In response to a question about the capacity of the intensive care unit at the hospital to deal with an influx of cases, it was confirmed that at present there was fifteen beds available, but if needed it would be possible to double the amount of beds at the hospital. It was highlighted that the most recently published study on Covid-19 had provided more guidance on supporting patients before their symptoms became severe enough to need intensive care and as such it was likely that as more was learnt about the virus less intensive care treatment would be needed.

Given that Croydon had the highest number of care homes of any borough in London, it was questioned how the potential risks for this sector were being managed. It was confirmed that regular updates were being sent to care homes, there was a Provider Forum to help disseminate information and networking was being encouraged to enable providers to support each other.

As mentioned above, there was a multi-agency communications response being deployed to ensure that a consistent message was provided to the public and to combat any misinformation that was being spread through social media. The Government was also working with social media providers to ensure the promotion of the correct guidance on their platforms as well.

In response to a question about whether the local health service was in a position to cope financially with a potential outbreak, it was confirmed that the response was being coordinated by Public Health England with procedures in place to capture costs which normally in emergency situations could be reclaimed.

In light of the Mayoral and Greater London Authority elections in May 2020, it was questioned whether the Council should be encouraging postal voting. It was advised that at present all options were being considered, but it would be for the Electoral Commission and the Government to direct any variation to normal electoral procedures.

Although the current fatality rate was 1% it was highlighted that as Covid-19 was a new virus only the seriously ill tended to become known to the healthcare system, with the number of people having a milder form unknown. At present the infection rate was 35% with a fatality rate of 1%. However this was likely to reduce as more became known about how best to treat the condition.

It was confirmed that CHS already held regular meetings with undertakers, bereavement services and mortuaries which would continue.

The importance of taking up the immunisation against seasonal flu was highlighted, as there were still significant numbers who opted not to.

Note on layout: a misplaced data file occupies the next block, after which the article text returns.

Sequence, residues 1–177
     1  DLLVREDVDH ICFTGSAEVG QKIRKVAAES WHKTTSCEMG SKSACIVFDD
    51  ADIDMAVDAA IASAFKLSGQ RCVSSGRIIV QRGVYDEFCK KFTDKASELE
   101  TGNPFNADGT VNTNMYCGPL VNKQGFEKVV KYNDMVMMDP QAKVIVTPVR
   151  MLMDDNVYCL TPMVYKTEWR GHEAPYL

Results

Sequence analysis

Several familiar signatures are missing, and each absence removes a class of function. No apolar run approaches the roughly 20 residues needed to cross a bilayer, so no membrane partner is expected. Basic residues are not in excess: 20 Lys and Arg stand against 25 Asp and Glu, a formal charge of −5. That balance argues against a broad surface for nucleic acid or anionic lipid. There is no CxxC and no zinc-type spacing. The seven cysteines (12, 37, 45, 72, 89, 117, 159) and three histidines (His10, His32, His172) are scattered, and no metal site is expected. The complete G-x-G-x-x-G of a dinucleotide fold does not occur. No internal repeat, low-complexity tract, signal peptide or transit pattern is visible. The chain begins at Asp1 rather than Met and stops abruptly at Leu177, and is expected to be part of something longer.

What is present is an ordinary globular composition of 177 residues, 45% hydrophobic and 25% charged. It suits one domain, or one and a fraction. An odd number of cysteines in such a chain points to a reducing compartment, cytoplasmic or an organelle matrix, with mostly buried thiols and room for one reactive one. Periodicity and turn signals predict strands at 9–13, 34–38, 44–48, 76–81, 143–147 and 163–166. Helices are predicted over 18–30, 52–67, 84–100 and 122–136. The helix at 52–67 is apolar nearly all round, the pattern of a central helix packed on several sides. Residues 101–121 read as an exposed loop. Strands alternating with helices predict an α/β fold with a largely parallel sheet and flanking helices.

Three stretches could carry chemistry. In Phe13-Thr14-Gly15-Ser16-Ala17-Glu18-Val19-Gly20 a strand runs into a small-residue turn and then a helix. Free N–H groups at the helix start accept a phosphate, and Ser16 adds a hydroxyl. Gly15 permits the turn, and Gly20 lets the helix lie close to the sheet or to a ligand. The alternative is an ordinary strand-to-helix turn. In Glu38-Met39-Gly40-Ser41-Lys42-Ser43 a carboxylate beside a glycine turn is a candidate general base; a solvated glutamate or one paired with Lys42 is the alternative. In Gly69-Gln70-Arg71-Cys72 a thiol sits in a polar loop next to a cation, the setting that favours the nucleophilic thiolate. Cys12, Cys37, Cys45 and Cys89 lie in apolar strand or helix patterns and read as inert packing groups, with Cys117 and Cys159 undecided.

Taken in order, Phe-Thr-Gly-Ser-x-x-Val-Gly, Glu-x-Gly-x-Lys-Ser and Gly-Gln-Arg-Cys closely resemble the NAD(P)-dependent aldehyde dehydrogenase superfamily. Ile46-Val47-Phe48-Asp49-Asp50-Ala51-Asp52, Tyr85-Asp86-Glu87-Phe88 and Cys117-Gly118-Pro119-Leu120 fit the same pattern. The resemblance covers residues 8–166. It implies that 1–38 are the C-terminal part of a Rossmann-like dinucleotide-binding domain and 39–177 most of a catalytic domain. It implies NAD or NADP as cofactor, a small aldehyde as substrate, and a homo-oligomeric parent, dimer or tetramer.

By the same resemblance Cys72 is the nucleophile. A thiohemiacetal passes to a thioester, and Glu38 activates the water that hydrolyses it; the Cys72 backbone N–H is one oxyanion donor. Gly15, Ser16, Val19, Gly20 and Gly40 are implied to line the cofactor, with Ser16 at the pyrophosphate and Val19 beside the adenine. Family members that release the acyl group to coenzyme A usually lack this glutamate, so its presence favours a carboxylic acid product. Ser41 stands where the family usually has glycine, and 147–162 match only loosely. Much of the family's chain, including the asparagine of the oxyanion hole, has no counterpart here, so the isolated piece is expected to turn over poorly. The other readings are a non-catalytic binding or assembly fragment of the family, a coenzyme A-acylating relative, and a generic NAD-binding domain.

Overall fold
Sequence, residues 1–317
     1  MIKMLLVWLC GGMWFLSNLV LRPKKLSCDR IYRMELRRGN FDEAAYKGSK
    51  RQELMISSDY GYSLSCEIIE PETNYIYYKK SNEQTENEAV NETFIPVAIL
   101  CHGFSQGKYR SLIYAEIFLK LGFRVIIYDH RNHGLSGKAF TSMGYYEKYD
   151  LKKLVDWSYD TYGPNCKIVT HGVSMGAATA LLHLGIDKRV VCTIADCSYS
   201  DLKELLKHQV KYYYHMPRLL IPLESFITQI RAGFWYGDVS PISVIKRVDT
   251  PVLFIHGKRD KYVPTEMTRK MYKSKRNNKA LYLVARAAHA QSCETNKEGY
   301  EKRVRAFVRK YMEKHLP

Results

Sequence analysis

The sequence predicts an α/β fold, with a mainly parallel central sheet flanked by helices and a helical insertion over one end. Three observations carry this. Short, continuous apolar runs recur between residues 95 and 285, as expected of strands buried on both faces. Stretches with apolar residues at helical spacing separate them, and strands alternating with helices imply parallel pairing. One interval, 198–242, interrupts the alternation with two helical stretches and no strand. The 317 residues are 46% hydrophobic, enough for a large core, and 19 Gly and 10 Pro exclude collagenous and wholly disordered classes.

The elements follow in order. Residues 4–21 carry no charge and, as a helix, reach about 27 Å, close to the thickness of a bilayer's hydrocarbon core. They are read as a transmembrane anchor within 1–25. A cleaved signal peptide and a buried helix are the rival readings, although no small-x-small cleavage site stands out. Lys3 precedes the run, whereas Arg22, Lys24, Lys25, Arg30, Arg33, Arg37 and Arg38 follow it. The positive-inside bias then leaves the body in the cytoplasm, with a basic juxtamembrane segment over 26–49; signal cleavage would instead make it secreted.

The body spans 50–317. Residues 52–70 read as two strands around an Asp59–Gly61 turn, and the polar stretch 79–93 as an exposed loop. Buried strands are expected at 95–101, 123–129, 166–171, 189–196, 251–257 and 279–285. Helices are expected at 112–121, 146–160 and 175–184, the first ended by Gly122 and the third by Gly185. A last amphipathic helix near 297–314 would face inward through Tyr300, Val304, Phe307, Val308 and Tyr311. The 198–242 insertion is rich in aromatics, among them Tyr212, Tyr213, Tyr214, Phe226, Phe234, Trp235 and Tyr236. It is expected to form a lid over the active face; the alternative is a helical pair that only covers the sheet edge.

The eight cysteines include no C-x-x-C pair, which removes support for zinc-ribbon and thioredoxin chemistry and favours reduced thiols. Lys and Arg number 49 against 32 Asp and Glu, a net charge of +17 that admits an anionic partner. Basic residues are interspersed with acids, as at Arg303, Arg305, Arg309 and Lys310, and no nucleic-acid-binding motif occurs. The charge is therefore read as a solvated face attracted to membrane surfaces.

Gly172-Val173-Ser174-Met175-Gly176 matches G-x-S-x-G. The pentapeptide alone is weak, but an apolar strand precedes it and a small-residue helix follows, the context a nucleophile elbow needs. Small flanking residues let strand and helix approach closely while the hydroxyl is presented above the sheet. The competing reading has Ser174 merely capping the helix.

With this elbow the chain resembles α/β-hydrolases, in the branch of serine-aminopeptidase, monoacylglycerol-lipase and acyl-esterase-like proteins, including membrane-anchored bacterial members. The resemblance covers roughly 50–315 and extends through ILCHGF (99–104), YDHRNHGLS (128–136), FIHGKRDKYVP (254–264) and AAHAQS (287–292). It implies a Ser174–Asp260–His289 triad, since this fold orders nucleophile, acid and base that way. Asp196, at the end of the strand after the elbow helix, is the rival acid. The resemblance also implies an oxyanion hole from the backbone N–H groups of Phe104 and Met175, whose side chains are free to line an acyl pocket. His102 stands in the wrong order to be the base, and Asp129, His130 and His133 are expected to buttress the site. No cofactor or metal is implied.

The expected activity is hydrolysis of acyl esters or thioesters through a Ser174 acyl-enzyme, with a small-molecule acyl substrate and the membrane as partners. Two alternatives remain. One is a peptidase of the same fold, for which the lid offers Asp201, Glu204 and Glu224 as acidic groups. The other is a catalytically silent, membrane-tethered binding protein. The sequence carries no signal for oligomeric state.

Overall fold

At the conclusion of the item the Chair thanked the officers for their attendance at the meeting, noting that the Sub-Committee had been reasonably reassured that local services were in a good position to respond to any potential outbreak.

Information Request

The Sub-Committee would like to request that the dashboard providing information on Covid-19 and any other appropriate updates be shared with Members to keep them informed of the situation as it developed.


Following discussion of the report, the Sub-Committee reached the following conclusions, whilst acknowledging that Croydon is in the mid of a rapidly evolving situation, and some may be time-limited in terms of their relevance:-

  1. Having listened to the evidence, the Sub-Committee was reassured by the current level of communication, the co-ordination of effort and that robust Business Continuity Plans were in place.
  2. It was agreed that Croydon public services were as well prepared as they could be considering the current circumstances, and that there was capacity within the system to ramp up the response should infection rates increase. 
  3. The Sub-Committee recognised that as a trusted provider of information, the Council and local health services played a key role in keeping people informed and supported the key messages that were relayed during the meeting. However it was recognised that people also wanted reassurance that Croydon could cope should there be a large scale outbreak and would encourage more information to be provided on Croydon’s ability to ramp up its response.
  4. The Sub-Committee considered there to be a risk to Croydon’s public sector finances should the Government not fund the additional costs required.
  5. The Sub-Committee was concerned that despite the information being provided by national and local health organisations, misinformation continued to be circulated within communities and through social media, and welcomed any steps to counteract this.
  6. The Sub-Committee was particularly interested in how public services were supporting those residents in high risk groups, such as the very elderly, those with health issues, those living in care homes, or who are receiving domiciliary care and reliant on carers for support. 
  7. The Sub-Committee agreed that further re-assurance would be sought about those who received support from private care providers or lived in private care homes that recommended standards of care and cleanliness were being maintained over the course of the outbreak for these vulnerable group of residents. 
  8. Given the rapidly developing situation, the Sub-Committee agreed that an update on the situation would be needed at their next meeting on 21 April 2020.


The Sub-Committee RESOLVED to recommend to Leader of the Council and Cabinet-

1)    Ensures Croydon Council continues to provide information and support to the people of Croydon during these difficult times.

2)    Communication from Croydon Council, especially the use of social media, be ramped up to provide reassurance to the public on Croydon ability to cope with a large-scale outbreak of Covid-19, and should resource this increased level of communication accordingly.

3)    That there should be regular updates to all members on how the Council and and local health services are coping, including when services are being change or stopped.

4)    The Council should not hesitate to request additional funding from Central Government to ensure that essential services are maintained, and vulnerable residents are protected.

5)    Consider how democratic accountability continues through this time.

The Sub-Committee RESOLVED to recommend to the Cabinet Member for Families, Health & Social Care that:-

  1. Evidence be provided to the Sub-Committee to give reassurance that public and private care providers are maintaining standards of care and cleanliness that reduces exposure to infection, to minimise the potential risk of an outbreak amongst vulnerable residents in the borough, especially in Croydon Care Homes and those receiving domiciliary care.